BATON ROUGE, La. -- A controversial bill — that at one point had been presumed dead — banning gender-affirming medical care for transgender youths in Louisiana was passed by the Senate on Monday and is likely to reach the governor's desk in the coming days.
The bill, which passed in the Senate mainly along party lines, 29-10, would prohibit hormone treatments, gender-affirming surgery and puberty-blocking drugs for transgender minors in Louisiana. The measure will go back to the House, which has already overwhelmingly passed the legislation, to approve of minor amendments, including pushing back the effective date of the law to Jan. 1, 2024.
If the House concurs, the legislation would be sent to the desk of Gov. John Bel Edwards, a Democrat who opposes it. Edwards has not said whether he would veto the bill. If he does, lawmakers could convene a veto session to try to override his decision. Last session, Edwards chose not to block a law banning transgender athletes from participating in women and girls sports competitions in Louisiana, although he successfully vetoed a similar measure the year before.
The proposed gender-affirming care ban gained national attention last month when a Senate committee voted to kill the bill. Longtime Republican state Sen. Fred Mills was the tiebreaker vote, opposing the legislation citing that he “relied on science and data and not political or societal pressures.”
In a year when restrictions and prohibitions on gender-affirming care for transgender youths has been a priority on conservative agendas — with at least 18 states enacting laws limiting or banning the medical care, including all three of Louisiana’s bordering states — the rejection of the controversial legislation did not go unnoticed.
In the days after the vote to defer the bill, state Attorney General Jeff Landry, who is a GOP gubernatorial candidate this year, and the Republican Party of Louisiana put pressure on Republicans to resurrect the bill. In a rare procedural move, the Senate voted to recommit the controversial bill to a different committee, successfully giving it a second chance at life.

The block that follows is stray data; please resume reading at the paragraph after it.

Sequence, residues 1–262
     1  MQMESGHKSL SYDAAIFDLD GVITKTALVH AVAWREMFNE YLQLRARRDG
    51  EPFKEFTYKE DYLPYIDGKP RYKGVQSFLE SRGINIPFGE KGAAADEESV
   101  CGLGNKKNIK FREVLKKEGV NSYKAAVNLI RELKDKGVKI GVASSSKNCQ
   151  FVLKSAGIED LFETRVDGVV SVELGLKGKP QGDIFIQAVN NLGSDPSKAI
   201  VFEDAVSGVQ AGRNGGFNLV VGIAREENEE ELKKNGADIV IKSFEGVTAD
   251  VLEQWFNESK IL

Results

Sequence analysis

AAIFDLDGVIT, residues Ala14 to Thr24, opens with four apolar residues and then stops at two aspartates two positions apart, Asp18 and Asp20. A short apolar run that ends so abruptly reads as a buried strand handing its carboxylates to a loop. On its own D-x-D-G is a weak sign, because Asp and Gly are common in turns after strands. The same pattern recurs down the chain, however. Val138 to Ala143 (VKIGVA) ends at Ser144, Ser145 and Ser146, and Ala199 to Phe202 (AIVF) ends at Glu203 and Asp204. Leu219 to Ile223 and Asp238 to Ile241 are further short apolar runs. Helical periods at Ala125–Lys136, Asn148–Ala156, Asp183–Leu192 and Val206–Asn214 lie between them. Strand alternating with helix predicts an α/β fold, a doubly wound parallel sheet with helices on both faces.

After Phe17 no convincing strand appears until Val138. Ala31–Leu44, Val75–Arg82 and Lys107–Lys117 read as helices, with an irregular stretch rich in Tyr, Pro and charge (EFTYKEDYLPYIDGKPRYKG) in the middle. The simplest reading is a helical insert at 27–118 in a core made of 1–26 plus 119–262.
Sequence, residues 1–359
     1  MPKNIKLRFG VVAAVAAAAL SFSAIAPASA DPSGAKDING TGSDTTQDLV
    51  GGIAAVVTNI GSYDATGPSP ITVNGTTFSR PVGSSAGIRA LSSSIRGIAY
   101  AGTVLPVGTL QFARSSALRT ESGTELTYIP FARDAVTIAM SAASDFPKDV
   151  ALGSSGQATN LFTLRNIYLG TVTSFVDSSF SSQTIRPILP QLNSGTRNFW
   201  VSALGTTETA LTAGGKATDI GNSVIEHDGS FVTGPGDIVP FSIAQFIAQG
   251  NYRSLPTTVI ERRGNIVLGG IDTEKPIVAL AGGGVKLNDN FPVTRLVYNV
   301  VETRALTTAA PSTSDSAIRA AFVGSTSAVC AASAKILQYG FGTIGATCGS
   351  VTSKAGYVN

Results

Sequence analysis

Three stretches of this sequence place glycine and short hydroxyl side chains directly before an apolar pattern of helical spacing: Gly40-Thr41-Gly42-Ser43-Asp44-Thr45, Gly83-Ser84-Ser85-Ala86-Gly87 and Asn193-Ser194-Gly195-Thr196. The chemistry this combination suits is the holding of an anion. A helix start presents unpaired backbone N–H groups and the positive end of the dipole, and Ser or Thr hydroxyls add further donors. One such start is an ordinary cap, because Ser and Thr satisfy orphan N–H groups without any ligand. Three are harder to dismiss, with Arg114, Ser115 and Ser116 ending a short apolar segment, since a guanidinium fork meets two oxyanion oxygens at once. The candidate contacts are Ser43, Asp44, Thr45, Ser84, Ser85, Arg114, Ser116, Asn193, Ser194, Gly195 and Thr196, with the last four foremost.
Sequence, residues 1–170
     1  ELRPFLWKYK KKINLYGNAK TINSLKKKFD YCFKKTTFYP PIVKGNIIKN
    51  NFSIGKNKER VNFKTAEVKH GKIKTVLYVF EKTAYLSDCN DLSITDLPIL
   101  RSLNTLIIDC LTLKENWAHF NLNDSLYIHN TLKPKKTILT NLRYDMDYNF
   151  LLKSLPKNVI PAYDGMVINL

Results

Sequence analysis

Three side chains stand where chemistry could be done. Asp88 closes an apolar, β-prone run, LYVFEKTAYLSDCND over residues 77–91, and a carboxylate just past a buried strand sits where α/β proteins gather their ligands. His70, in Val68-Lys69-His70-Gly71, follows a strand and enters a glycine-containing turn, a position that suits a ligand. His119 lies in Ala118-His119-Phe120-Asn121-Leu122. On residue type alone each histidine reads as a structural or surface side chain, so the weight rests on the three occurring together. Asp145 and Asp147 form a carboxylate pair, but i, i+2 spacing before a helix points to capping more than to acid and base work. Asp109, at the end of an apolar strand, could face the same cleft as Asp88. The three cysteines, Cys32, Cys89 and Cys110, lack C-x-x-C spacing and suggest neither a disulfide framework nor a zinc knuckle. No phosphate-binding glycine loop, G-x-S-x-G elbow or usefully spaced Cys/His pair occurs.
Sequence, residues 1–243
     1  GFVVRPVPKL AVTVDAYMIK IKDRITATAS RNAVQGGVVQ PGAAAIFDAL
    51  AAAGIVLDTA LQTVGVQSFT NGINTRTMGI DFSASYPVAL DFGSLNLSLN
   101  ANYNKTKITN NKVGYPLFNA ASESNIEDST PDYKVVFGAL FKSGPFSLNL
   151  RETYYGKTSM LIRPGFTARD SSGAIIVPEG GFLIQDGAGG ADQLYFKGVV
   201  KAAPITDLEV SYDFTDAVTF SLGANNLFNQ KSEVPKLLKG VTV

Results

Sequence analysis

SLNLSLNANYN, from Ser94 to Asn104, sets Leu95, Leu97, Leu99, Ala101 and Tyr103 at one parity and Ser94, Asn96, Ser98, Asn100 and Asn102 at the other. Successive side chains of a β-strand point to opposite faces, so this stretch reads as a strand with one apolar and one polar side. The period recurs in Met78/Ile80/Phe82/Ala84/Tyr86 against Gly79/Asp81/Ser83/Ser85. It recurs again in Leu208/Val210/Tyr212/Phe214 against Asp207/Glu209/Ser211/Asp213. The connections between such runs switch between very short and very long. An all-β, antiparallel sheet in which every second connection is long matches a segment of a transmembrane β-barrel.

Additionally, anti-transgender activists took to social media, including conservative political commentator Matt Walsh, who tweeted to his nearly 2 million followers that Mills would regret his decision and that it is “the biggest mistake of his political career.”
Mills, who is term-limited, told lawmakers on the Senate floor Monday that despite his family, businesses and himself being harassed for his decision at the Capitol, he was proud of his vote and called it a “defining moment” in his legislative career.
"I want to tell you, this is probably one of the biggest blessings in my life, this controversy. I’ve been attacked nationwide, but I don’t hate those people... they’re passionate about their issue,” Mills said. “The people that contacted me throughout the United States ... thanking me that maybe we prevented a suicide (with the committee vote), I will let you all know I love you, and I hope things work out for you.”
Opponents of the ban, argue that gender-affirming care, which is supported by every major medical organization, can be lifesaving for someone with gender dysphoria, which is distress over gender identity that doesn’t match a person’s assigned sex. Advocates for the LGBTQ+ community fear that without the care, transgender children could face especially heightened risks of stress, depression and suicidal thoughts.
“When people, especially our youth, talk about suicide, that’s not something that you take lightly," said Sen. Gerald Boudreaux, a Democrat opposing the bill “You wait too long and you are at the funeral home.”
Proponents of the legislation argue that the proposed ban would protect children from life-altering medical procedures until they are mature enough to make such serious decisions.
“This isn't complicated. Kids should not have access to permanent medical procedures in order to affirm an identity that they might outgrow,” Republican Sen. Jeremy Stine said.
Currently, children in Louisiana need parental permission to receive any gender-affirming health care before they turn 18.